Your son sounds very similar to my son. Do you have a homeschool community in your area? Going to park days regularly so he could form friendships with some of the other children really made a difference in getting him outside and engaging in active and imaginative play.
So my own philosophy is to avoid early academics. At 4, we did play-based "learning" and it was almost entirely child-led. We are mostly unschoolers, so we still are mostly child-led, but do use some curriculum-based programs for guidance and inspiration.
Remember that many high-achieving countries education systems avoid formal reading and writing instruction until around 7 years, as does Waldorf and other similar programs. There is a reason for this; most children's fine motor and visual skills simply aren't ready for reading and writing before then. If your son enjoys reading, great, take him to the library every week and let him pick out a ton of picture books. I wouldn't use "early readers" (boring!) or chapter books designed for young children; most picture books have higher vocabulary and better storylines.
Even if he's reading independently, his understanding level will be much higher than his reading level, and will continue to be so for many years. Reading aloud is so important at this age! Books such as "Some of My Best Friends are Books" by Judith Wynn Halsted and the "Read Aloud Handbook" by Jim Trelease will have many ideas for good books to read together. The 5 in a Row series will also have good ideas for books you can read together as well as activities surrounding the books which you can use as inspiration (personally, I felt that if we actually did everything as described it would remove a lot of joy from reading the books, but YMMV).
If he is really interested in more writing, then I liked the Handwriting without Tears series. There are workbooks and activities designed for pre-K and K; at 4, I'd use the pre-K program but again YMMV and you might want to pick up both for inspiration. The teachers guides are worth getting as well for ideas. As OPs have suggested, I'd do a lot of handcrafts and art at this age for fine motor practice and simply for fun! "Writing" in sand or with shaving cream, finger painting, chalk on the sidewalk, making letter shapes with sticks or rocks. . .Art supplies are one thing that I spend a fair amount of money on; I want my children to experience natural fibers, good-quality paints, etc. I like DIscount School Supply for cheaper items that they can use freely and excessively, but we try to also have some "real" supplies for use as well.
We really have liked the Explode the Code series for writing practice and reading/spelling rules. Yes, workbooks, but very short without needless repetition. We found them more helpful for our reluctant reader who wants more "rules" and less so for our child who seems to have picked up the rules of spelling through osmosis (keep reading aloud ;-).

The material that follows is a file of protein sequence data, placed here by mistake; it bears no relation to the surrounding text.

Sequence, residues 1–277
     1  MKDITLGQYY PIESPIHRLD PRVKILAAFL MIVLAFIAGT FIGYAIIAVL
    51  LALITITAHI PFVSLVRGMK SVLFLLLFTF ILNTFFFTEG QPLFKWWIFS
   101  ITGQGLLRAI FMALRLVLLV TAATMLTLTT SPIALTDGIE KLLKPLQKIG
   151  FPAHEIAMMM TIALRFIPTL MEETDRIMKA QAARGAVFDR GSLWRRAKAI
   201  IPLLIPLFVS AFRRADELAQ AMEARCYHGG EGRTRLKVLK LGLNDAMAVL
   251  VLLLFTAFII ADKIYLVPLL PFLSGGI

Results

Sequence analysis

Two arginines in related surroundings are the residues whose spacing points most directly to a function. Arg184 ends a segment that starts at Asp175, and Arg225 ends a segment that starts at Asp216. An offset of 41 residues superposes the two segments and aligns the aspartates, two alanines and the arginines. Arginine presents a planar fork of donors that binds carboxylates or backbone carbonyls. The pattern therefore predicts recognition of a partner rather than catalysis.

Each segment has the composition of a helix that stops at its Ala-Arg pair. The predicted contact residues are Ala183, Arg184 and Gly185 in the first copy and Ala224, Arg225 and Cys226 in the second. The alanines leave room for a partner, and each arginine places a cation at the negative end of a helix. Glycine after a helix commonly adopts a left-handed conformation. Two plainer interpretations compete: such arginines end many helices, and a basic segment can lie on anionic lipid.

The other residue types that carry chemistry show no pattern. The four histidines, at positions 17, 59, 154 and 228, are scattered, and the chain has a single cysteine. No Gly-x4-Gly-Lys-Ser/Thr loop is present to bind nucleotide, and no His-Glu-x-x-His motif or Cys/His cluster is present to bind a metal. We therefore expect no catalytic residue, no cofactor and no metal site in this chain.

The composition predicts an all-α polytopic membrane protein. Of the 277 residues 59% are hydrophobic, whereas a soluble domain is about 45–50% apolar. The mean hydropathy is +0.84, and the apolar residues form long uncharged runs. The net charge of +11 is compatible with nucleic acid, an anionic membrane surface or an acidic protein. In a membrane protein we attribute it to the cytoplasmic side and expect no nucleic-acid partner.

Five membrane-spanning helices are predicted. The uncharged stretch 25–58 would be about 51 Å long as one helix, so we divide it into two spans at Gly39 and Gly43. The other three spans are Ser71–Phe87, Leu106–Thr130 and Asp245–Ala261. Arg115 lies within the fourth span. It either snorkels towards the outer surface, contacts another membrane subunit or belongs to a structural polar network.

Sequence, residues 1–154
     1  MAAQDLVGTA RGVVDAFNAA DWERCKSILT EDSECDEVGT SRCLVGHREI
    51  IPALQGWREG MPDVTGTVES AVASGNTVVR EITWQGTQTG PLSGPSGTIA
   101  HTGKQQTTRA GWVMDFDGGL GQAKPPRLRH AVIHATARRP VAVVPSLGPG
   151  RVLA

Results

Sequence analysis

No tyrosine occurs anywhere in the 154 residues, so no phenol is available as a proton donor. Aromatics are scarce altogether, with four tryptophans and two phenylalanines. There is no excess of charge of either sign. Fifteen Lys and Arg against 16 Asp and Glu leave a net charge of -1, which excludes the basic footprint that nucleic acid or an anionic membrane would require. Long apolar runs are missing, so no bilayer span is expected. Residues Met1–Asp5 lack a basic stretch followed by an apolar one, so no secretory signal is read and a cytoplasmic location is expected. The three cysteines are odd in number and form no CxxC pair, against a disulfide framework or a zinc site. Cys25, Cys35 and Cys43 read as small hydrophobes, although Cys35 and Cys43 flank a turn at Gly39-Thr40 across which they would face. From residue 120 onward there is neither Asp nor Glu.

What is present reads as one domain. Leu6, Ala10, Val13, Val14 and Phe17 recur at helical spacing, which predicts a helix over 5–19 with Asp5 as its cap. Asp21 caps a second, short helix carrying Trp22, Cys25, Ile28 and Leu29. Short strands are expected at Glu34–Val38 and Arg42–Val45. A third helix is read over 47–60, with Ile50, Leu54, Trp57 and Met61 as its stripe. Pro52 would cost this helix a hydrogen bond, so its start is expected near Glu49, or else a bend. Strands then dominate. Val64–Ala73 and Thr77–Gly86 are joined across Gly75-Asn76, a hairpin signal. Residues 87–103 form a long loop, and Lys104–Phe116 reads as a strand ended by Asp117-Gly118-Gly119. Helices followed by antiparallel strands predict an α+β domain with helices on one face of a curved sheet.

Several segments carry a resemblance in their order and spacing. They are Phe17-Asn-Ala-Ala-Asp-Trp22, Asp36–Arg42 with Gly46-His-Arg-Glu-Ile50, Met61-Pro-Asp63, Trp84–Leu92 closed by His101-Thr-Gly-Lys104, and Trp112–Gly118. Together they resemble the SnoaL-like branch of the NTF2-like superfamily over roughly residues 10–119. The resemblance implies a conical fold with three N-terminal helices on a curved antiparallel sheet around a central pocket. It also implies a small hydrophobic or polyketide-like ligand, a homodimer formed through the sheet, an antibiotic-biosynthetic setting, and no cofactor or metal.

Math - we use the RightStart math curriculum for one of my children. It's got very short lessons, an optional set of worksheets which we mostly avoid, and plenty of review (some of which we edit/skip to avoid boredom). Very game and manipulative based, which I like. We actually started it with her in K, but we started K a year later (when she was 5, almost 6). I also like the MathStart book series by Stuart Murphy, and use the livingmath website (http://livingmath.net/) for other book ideas - great website, BTW. Someone mentioned Life of Fred, which we use for our son who really intuitively understands math, but claims to "hate" it, and will just shut down immediately if I stick a worksheet in front of him ;-) Also like Kitchen Table Math and the Family Math series from the Lawrence Hall of Science (UC Berkeley). Family Math is game-based, lots of fun, quick simple ideas. I've heard good things about the Teaching Textbooks, which are computer-based, but are quite expensive. We also sometimes use the Youtube video series Khan Academy for specific math topics.
We sparingly use the Well-Trained Mind for guidelines on science and history. I was really turned off by her philosophy the first time I read it, she is really heavy into early academics and a very structured, intense, (IMO) rigid learning style. But I do like the division of science and history, the repetition so kids are introduced to topics at an increasingly higher level several times, and the non-Euro/Americo-centric nature of her history approach. I also appreciate that (at least the older editions of her book; I think the newer ones suggest the branded book and CD series now being marketed w/ the same name) rely heavily on library use, picture and literature books that are readily available.
I've already mentioned library use several times. We rely so heavily on our library, and are lucky to have access to two wonderfully rich library systems. We spend lots of time in the juvenile non-fiction sections, especially myths/legends/fables. Whenever one of my kids gets fascinated by something, I'll check out a few books on that topic, some that we might read together, others that I think they'll be interested in reading on their own. Again, I don't "assign" them, just put them out in an accessable place and let them enjoy.
Enjoy! It should be fun and non-stressful for you both at this age. I've found time and again that when my kids were "ready" both developmentally and interest-wise in learning something, it was quick and easy. I loved the early homeschool years because I was learning and playing as much as they were. Kids are naturally curious and exploring at this age - take advantage of it!